Friday, February 22, 2008
This entry presents some graphs and charts from SiteMeter that reveal some information about all of YOU who visit(ed) this blog, as of February 22, 2008. I figured it would be good to divulge some of the more interesting ones that I found among an assortment of different figures on my SiteMeter page.
The 1st chart of continental representation shows a lack of South Americans and Africans who visit my blog. Also, remember that the Middle East and South Asia are part of "Asia," making that the second continent after North America.
I suppose it's no coincidence that the 3 countries I have lived in recently comprise 84% of this blog's audience. Azerbaijan might be the oddest/most unlikely of the many countries that were "1%" of the total viewers.
As for the language chart, the various languages represent the internet browser setting and not the actual mother tongue or even primary word processing language. The Hebrew-speaking nation is a distant second to English, and the primacy of English on the internets is readily apparent. However, perhaps I should consider blogging in other tongues at some point. Farsi is perhaps not too surprising of a presence, due to the fact that Iran contributes an inordinate number of bloggers to the blogosphere.
In terms of Operating System, the minority players Mac OS X and Linux came in at 29% and 2%, respectively. These percentages seem to be slightly higher than those operating systems' share of the total number of operating systems used by all blog viewers worldwide.
As for the internet browsers, Firefox 1 comes in well ahead of IE 7, with 39% and 29%, respectively. However, Firefox 2 and IE 6 are tied at 15%, perhaps suggesting that a significant number of Firefox loyalists simply haven't switched to the newer version of their preferred browser. Netscape's browser, at 2%, seems to be a thing of the past. Safari (the browser that I will be switching to if this Firefox 2 keeps having bugs) was also at 2%.
Sunday, February 17, 2008
This map and graph, courtesy of Wikimedia and the U of Iowa, respectively, depict the current status of the contest to select the Democratic nominee for this fall's American Presidential election. Barack Obama is currently leading according to the futures chart at bottom by a margin of over 2 to 1, after having criss-crossed with Hillary Clinton just over two weeks ago. As of now, Obama is leading by about 64 delegates. With almost half of the delegates not yet tallied, there is still a long way to go in this historic contest.
I did indeed vote for one of these two candidates, as part of the Democrats Abroad primary (which amounts to a total of 11 delegates that are sent to the Democratic National Convention in Denver starting on August 25th). In the map at left, these expat votes are shown in grey next to those for Puerto Rico, American Samoa, Guam, and the Virgin Islands. Obama = blue, Clinton = Red, Edwards = green, stripped of delegates = black, and not yet assigned = grey. So, the 11 expat delegates have not yet been won. I must say that at this point, I am essentially indifferent to whichever candidate ends up as the Democratic front-runner, as long as the party successfully unites behind the chosen nominee and ushers him/her to the White House.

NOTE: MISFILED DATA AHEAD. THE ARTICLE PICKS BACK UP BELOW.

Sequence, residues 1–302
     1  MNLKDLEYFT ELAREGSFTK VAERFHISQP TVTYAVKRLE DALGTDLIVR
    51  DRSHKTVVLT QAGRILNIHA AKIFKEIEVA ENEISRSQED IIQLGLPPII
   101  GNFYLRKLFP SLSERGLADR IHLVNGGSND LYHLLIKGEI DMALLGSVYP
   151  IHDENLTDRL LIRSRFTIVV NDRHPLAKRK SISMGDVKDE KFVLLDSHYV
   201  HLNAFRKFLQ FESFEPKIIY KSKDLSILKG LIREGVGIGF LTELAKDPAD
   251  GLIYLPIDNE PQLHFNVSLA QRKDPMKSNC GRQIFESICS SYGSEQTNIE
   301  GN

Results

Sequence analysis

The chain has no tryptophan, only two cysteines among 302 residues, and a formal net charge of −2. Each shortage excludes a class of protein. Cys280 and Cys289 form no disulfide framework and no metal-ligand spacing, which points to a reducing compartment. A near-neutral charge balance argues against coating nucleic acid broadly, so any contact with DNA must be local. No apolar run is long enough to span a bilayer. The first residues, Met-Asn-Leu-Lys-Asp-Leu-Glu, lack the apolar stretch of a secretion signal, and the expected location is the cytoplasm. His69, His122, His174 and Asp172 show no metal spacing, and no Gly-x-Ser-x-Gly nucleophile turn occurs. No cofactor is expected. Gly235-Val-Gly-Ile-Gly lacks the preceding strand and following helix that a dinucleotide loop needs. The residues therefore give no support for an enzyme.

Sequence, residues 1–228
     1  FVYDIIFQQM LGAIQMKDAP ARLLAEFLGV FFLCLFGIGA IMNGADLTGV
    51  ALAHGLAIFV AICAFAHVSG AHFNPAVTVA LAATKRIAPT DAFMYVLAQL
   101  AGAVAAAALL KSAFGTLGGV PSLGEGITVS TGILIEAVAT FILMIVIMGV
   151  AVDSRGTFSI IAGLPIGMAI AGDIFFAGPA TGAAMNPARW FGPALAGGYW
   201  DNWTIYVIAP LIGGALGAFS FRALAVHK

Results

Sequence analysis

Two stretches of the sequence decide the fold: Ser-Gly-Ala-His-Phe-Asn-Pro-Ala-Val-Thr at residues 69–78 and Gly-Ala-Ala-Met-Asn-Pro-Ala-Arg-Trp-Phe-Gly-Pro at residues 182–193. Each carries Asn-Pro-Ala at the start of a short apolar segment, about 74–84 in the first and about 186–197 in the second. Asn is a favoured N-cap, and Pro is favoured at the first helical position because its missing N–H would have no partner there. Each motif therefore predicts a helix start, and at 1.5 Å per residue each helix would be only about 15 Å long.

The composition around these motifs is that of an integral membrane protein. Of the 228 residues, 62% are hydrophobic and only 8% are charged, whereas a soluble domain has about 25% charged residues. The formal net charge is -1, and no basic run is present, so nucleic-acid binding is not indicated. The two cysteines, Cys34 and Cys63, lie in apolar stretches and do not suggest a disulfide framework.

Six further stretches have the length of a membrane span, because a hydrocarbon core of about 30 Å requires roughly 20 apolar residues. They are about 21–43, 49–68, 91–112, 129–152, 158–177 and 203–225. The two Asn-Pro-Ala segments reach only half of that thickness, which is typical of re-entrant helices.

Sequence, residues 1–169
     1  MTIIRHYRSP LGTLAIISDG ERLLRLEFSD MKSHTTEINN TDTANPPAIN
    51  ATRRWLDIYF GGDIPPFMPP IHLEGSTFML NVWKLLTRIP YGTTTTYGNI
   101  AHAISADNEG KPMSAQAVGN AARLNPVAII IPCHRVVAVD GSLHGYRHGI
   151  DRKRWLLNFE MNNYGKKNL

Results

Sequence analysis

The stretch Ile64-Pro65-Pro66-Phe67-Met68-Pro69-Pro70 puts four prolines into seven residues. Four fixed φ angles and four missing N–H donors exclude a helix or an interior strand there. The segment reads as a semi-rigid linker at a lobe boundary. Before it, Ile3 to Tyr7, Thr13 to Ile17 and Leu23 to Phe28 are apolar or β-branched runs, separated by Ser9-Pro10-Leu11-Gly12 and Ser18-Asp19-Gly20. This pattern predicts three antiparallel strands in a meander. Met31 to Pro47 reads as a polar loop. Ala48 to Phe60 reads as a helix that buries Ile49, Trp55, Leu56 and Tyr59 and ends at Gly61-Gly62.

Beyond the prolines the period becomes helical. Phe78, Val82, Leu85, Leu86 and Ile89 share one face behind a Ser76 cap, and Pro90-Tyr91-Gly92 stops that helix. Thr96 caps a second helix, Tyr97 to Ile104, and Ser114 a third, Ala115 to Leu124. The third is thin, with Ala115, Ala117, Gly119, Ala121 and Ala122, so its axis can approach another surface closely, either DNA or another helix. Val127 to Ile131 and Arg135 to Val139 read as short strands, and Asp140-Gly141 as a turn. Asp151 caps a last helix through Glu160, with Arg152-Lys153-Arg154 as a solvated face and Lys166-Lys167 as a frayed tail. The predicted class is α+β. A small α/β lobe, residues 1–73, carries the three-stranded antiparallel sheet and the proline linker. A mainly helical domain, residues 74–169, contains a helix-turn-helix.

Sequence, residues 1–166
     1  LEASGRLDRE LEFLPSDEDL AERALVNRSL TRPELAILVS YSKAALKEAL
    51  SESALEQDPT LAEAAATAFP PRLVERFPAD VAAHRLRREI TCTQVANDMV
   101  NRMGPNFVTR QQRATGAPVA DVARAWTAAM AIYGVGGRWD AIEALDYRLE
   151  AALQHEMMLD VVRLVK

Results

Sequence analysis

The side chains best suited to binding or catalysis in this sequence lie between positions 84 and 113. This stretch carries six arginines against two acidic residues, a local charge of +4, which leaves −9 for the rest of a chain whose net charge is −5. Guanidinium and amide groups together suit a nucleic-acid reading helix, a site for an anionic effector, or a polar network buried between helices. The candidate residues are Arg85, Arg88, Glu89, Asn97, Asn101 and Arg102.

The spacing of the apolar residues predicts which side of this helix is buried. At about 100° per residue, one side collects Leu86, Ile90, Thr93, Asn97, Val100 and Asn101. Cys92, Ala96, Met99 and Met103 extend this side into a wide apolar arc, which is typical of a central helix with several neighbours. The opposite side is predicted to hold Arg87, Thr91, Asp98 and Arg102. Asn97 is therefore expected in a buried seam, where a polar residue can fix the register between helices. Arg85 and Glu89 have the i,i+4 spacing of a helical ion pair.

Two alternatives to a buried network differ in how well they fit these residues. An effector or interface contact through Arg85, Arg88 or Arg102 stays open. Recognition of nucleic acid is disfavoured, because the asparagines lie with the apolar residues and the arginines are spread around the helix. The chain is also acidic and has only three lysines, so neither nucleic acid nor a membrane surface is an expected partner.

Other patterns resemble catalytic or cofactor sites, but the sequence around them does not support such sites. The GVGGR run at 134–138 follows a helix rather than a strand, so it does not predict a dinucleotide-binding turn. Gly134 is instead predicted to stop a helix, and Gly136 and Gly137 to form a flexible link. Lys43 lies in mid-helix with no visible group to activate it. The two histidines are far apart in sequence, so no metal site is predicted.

Next of these several miscellaneous things - this phenomenal World Clock gizmo is one of the most interesting things I've seen on the internets in a while. You can set the timer by year, month, week, day, and "now," so play around with the different settings to see how fast the tallies rise and how many of the given events have occurred already in those 5 categories. I find it most fulfilling to press "now" repeatedly in order to constantly be aware of how much of each event happens every instant, even after you reset the clock. AIDS, oil, computers, births, species, etc...and after you play around with this world clock, check out the other "clocks" of time zone, U.S. crime, Christmas countdown, etc...This is a great resource.
Schmap is a solid resource for finding information on activities in urban areas throughout the world. Check it out!
If your computer's internet connection is as slow as mine at the moment (perhaps due to a cut cable thousands of kilometers away at the bottom of the Mediterranean Sea), then you might want to perform a speed check on your connection. Hopefully, your bytes are flowing faster than mine were when this test was logged.
Next is an enlightening map sequence from Maps of War that depicts the succession of empires that have ruled over the Middle East. It's rather insightful.